An Easster Treat, By Way Of Russia

SUNDAY GOURMET

April 12, 1992|By GAIL FORMAN

Once I tasted paska at New York's famed Russian Tea Room, I knew I had to try to make it at home. A rich curd-cheese cake, paska is the traditional dessert for Russian Easter (April 26). Candied fruit is used to decorate the top with the letters XB, to signify the Cyrillic words for "Christ is risen." Sometimes, though, paska is simply decorated with a cross.

Years ago, Russians used a carved wooden mold to create the cake's traditional pyramid shape. I carefully prepared my paska in a new clay flowerpot as the piece de resistance for a friend's Easter dinner. Not wanting to trouble her, I did the unmolding and decorating at home and cautiously carried my glorious creation to the car for the 1/2 -mile-long trip. By the time I arrived, however, the center had sunk and the paska leaned rakishly to one side, a shadow of its former beautiful self. My only consolation was the magnificent taste of this rich holiday treat. I know now that the only safe way to transport paska is in the flowerpot.

The paska recipe below was obligingly provided by Paul Igenito, chef of the Russian Tea Room. When I was growing up in New York, the Tea Room oozed glamour, and it still does. Its clientele then, as now, included Broadway stars, ballet dancers and musicians popping over from Carnegie Hall next door. A New York landmark since it opened in April 1927, the restaurant celebrates its 65th anniversary this month with a special Easter menu because "this holiday personifies the special personality and history of the Russian Tea Room like no other," says owner Faith Stewart-Gordon.

PASKA

2 1/2 pounds farmer's cheese

1 cup butter, very soft but not melted

1 cup heavy cream

2 large eggs

1 1/2 cups superfine sugar

1 1/2 teaspoons vanilla

1 cup mixed diced candied fruits

1 cup golden raisins, plumped in hot water and drained

1/2 cup chopped, blanched almonds

1-2 tablespoons brandy, rum or rosewater

7-inch new clay flowerpot with drainage hole

cheesecloth to line pot

Have all ingredients at room temperature. In a large bowl break cheese into small pieces. Alternately add butter and heavy cream, beating with a wooden spoon until mixture is very smooth, at least 10 minutes. (Electric mixers tend to get clogged with the thick mixture.) In another bowl, beat together eggs and sugar until very thick and light. Add to cheese mixture gradually, beating until well blended. Beat in vanilla. Reserve 1/4 cup candied fruit and 1/4 cup raisins for garnish. Beat remaining candied fruit, raisins, almonds and brandy into cheese mixture until well mixed.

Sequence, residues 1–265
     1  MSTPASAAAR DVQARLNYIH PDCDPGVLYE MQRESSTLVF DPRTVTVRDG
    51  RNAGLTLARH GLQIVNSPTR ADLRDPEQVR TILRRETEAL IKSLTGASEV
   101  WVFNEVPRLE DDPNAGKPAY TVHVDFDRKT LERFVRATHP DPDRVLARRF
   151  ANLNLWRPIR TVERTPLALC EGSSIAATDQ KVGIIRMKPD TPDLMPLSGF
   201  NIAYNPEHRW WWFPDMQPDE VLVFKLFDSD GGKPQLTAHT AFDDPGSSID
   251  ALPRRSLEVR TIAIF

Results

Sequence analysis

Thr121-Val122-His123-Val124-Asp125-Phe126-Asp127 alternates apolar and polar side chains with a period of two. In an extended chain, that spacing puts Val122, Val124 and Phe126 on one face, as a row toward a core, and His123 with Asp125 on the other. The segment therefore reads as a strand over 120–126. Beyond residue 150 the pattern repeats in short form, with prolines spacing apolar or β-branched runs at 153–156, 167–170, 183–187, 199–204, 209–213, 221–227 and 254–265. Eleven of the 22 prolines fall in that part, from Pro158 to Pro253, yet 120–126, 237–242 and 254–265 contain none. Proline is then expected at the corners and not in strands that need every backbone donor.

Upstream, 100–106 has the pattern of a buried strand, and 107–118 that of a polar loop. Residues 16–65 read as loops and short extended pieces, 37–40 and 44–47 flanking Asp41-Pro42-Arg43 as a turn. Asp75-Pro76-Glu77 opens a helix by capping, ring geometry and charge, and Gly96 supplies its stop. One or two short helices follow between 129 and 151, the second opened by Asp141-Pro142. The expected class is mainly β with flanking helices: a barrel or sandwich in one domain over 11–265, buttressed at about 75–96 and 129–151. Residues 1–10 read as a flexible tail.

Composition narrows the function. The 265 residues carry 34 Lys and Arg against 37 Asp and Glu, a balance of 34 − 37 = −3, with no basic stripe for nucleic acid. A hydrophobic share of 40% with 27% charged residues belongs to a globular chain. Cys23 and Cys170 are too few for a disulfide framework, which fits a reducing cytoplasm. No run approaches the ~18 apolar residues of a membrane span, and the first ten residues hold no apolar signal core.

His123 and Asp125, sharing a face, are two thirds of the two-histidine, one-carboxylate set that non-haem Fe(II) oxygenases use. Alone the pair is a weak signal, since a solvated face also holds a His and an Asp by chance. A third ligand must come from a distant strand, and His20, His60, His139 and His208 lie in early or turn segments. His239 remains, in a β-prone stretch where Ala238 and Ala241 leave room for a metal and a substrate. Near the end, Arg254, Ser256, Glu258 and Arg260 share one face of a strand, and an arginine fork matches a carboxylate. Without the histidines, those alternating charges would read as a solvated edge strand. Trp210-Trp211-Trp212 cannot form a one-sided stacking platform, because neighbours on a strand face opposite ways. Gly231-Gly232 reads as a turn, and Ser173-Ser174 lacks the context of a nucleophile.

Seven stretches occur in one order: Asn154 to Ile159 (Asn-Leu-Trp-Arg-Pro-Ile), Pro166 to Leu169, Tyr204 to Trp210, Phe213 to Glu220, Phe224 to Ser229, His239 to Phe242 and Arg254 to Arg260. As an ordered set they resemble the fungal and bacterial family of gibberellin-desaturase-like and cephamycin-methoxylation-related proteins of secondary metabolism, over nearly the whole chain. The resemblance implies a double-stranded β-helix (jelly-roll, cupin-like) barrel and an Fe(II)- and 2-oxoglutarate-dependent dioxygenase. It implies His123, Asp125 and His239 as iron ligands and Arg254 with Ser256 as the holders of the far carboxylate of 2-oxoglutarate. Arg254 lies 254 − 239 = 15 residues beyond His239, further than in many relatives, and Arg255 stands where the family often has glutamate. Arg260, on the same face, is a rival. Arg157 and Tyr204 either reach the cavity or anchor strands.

Wash and dry flowerpot. Line it as smoothly as possible with several layers of cheesecloth, letting 5 inches hang over the rim. Carefully spoon paska into pot and press it down firmly. Fold cheesecloth over top and place a plate with a diameter smaller than that of the flowerpot on top. Put a weight (can, brick, etc.) on the plate. Set flowerpot on a rack on another plate to drain at room temperature 1 to 2 hours. Pour off any accumulated liquid and place flowerpot on rack in the refrigerator. Refrigerate at least 24 hours to drain completely. Paska should be dry.

To serve, unwrap cheesecloth at top of the pot. Hold a serving plate over the flowerpot and flip it upside down to unmold. Carefully peel off cheesecloth. Decorate paska with a row of raisins circling the rim of the top and with 4 rows of glazed fruit and raisins running from top to bottom evenly spaced around the sides. Paska can be served alone or with kulich, a Russian Easter bread. Serves 14.

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